G. Bianco, 2019
How would it feel to not be able to touch the ones you love? To not be able to comfort them while they’re crying, hug them when you see them, or even hold hands? And the reason is because of a disease that has no cure. The teens in Rachael Lippincott’s Five Feet Apart must deal with distance as they grapple with emotions in the midst of battling Cystic Fibrosis, an autoimmune disorder that damages the lungs over time.
When Stella Grant returns to the hospital for her routine treatments for cystic fibrosis, all she cares about is surviving long enough to get off the transplant list and receive the new pair of lungs she's always wanted. Will Newman is done with living life moving from hospital to hospital and is waiting until he turns eighteen so he can actually live his life before it’s over. When Stella and Will meet, they can’t help but be drawn to one another. But the rules state that cystic fibrosis patients can’t be within six feet of one another. Their only chance at survival is to stay apart. But would taking back one foot really make or break them?
At first, I thought this story would be predictable. Two sick kids fall in love, something cliché happens, something tragic happens, end of story. Despite the novel being a bit cliché, I couldn’t help but fall in love with Stella and Will’s story. It made me smile, it made me cry, and I really hoped it wouldn’t end. (In fact, as I’m writing this review, I still wiping away stray tears!) I did find this to be an extremely quick read compared to other novels I’ve read. I think this might’ve been a combination of the plot being very engaging and book coming in at a little under 300 pages. I think the book could have been a little longer and developed some more minor plot points, but the focus remaining on Stella and Will wasn't necessarily a bad thing. I just wish I could've learned more about Poe and Stella’s sister, Julie, as well as Stella and Will’s lives before the beginning of the novel. Besides all that, I did like how the novel shed light on to a disease that many people are afflicted with in the real world. I had heard of cystic fibrosis, but had no idea what patients went through or how rigorous treatments could be for it. While I have no reference for how accurate the scenarios in the novel are in comparison to what actual CF patients go through, I did appreciate the acknowledgement of such an underemphasized disease.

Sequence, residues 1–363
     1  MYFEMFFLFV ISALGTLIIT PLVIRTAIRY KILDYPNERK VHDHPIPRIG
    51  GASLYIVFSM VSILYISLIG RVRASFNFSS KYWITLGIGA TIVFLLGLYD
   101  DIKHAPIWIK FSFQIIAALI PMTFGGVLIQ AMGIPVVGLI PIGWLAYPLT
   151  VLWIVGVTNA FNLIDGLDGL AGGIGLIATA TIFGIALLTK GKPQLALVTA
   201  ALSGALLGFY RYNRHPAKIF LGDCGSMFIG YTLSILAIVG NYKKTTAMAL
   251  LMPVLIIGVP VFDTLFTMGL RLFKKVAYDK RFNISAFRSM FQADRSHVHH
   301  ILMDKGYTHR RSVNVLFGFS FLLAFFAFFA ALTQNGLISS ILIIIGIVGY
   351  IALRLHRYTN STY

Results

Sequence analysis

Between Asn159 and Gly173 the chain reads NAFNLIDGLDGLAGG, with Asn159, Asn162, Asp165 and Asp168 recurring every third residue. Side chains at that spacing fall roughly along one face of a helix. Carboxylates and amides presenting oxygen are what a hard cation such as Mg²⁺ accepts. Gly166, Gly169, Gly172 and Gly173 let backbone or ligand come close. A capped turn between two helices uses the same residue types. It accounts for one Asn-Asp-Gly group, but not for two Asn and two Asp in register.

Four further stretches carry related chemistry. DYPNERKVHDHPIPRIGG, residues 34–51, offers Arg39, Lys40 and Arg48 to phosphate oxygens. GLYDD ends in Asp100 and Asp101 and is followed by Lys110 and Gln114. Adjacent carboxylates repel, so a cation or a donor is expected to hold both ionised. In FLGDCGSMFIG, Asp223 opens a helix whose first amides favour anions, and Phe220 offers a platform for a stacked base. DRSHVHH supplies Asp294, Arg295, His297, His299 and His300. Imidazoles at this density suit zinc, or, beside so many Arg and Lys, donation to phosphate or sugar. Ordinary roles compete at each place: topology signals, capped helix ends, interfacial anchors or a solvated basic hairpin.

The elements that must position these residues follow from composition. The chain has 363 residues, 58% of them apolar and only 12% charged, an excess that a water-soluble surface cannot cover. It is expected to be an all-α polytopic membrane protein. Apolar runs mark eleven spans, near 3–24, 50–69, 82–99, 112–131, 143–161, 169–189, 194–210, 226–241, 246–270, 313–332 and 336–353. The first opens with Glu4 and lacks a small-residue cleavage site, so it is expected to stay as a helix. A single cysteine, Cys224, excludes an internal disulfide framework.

If you’re a sucker for a good teen romance book, then this book is for you! I couldn’t help but compare it to The Fault in Our Stars by John Green, since they have similar premises. While I didn’t find it as metaphoric and resonant as The Fault in Our Stars, I still enjoyed it all the same. Now, I have to watch the film!
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